Building The Clear Thinking Skill

After my presentation on the 6 Questions of Technology (yes, I will share more on this) at the TOCICO Conference, one of the people in the audience came up to me and said how happy he was with the work model we suggested, until the trees came out. They are so hard to construct, he said. I could hear the despair. I could also understand it and relate to it. The TOC TP are a set of highly potent tools, of course but they are very hard for many (present company totally included) to use.

This week I started testing out a new point of view I had been thinking of since my trip to S. Africa - problems are just opportunities in the rough (and yes, I will share more on this as well, you really have a lot of great things to come back to this blog for). As a result I had given my self several mind games and exercises to work on. Then it dawned on me - just like we wouldn't expect anyone to run a marathon before the have run several shorter distances in the weeks and months leading to the race, why should we expect people to take on TP without first building up to them through mind clearing workouts?
You wouldn't be doing this the first day of your workout program, would you? (Source - Wikipedia)

My point is that many of us are not used to thinking about things the way that is required by the TP. While we spend our lives thinking, we are still not trained to the level TP requires. It is very similar in yoga where although you have breathed all your life, you are not trained to breath the way yoga demands and you have to learn and practice it. So, it may be that before we venture into logic trees we have to build our brain muscles with easier exercises to prepare us for it.

Now, this is just a theory and I don't have a progression of exercises mapped out, just a few preliminary ideas. So I really need you help and inputs.

Here are the exercises ideas I already have and have been practicing:

  1. Beginner - learn to ignore all or nothing thinking by creating a 100 list - think of a block that you feel is in your way to achieve something then create a list with 100 things you can do to achieve it despite the block (so if you feel you can't get a good job because you don't have enough experience in your resume, then think of 100 ways to make you noticeable to recruiters in and out of your resume). I managed about 30 ideas in the first 24 hours and got to 44 on the second day. Once you are at 50, I suggest you start acting while keeping the list going until you get to the 100 mark, don't use it as an excuse.
  2. Intermediate - clear your thinking from emotions by putting yourself in places where you are uncomfortable, like not reacting to a question by your spouse when that question is "illegal" - e.g. asking you what your kid's preferences are when said child is present. The idea is not to to stop you from feeling but to help you separate your thoughts about what needs to be done from your emotions about a situation.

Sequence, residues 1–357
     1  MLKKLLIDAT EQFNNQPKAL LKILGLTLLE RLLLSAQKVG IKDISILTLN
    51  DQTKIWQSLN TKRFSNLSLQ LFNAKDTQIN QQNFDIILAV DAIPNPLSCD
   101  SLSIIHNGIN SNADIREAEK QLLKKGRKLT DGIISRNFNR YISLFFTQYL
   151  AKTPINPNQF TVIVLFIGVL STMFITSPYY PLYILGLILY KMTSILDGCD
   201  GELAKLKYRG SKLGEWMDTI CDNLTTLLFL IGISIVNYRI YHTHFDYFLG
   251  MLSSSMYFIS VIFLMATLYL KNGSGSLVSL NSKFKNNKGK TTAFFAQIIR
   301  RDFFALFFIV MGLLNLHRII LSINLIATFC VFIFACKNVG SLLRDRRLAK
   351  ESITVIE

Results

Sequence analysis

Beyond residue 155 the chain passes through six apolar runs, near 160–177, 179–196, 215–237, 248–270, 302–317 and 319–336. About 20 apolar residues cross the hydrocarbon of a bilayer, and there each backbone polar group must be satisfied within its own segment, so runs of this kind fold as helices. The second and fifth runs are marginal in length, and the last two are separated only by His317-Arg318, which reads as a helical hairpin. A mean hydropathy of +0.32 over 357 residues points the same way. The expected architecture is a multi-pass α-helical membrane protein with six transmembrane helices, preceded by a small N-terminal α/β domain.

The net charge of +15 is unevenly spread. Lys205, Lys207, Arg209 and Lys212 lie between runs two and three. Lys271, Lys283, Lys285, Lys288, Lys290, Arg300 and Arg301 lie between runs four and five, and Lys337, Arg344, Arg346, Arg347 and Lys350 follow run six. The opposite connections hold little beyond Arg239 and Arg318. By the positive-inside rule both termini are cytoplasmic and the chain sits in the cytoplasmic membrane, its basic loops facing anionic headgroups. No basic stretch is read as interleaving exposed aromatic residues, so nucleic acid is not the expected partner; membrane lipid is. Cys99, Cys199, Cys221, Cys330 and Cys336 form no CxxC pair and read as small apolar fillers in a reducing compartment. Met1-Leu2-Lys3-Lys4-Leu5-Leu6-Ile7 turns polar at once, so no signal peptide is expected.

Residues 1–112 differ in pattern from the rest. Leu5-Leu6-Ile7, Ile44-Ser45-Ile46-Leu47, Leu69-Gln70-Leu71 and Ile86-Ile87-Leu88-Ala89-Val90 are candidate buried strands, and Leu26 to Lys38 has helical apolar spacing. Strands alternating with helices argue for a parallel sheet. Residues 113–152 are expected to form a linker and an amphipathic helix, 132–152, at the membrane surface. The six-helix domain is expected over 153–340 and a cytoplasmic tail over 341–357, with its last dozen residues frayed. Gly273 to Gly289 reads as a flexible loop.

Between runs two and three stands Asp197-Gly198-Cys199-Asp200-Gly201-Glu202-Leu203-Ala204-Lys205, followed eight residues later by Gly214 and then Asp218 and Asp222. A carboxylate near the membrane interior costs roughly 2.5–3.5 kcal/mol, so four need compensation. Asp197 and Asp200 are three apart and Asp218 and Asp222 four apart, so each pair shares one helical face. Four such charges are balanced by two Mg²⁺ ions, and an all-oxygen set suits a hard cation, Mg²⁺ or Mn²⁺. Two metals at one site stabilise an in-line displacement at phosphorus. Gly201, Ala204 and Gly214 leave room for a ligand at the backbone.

3. Advanced - practice result oriented thinking by mapping a process backwards - think of an interaction you are planning to have and then map it from the desired end state back to the beginning. So first you must figure out how you want that interaction to end at a level you can visualize it. This means you have to take your goal or desired outcome and turn it into a concrete result (say I want my adult kid to move out, my end state visual would be of her saying "You know what, mom, I'll get my own place within the month"). Now figure out and visualize what had to happen just prior to that (perhaps she said "Staying with you and Dad isn't good for me, it doesn't help me become a capable adult"). Credit to this exercise goes to Jeff "SKI" Kinsey and his book "Purple Curve Effect" I covered in this review.
I'll update you if I get new workout ideas. 

Let me know what you think - will it make any difference if we address the TP tools more gradually? What else can and should we try?

Sunday, September 20, 2015

2015 TOCICO Conference - Anti Fragility

This is the second post in a series. For the first post - go here.

A main theme in the conference was Anti-Fragility, becoming anti-fragile as individuals and a community and helping companies become anti-fragile. I have heard the term before but this time I feel I got a much better grasp of it. Here's what I can share:

  • Definitions:
    • Fragile:
      • Sign on the box will say "Handle With Care"
      • Mythological prototype is Damocles with the sword above his head ready to drop when his life is at its best
      • Features limited gain and unlimited pain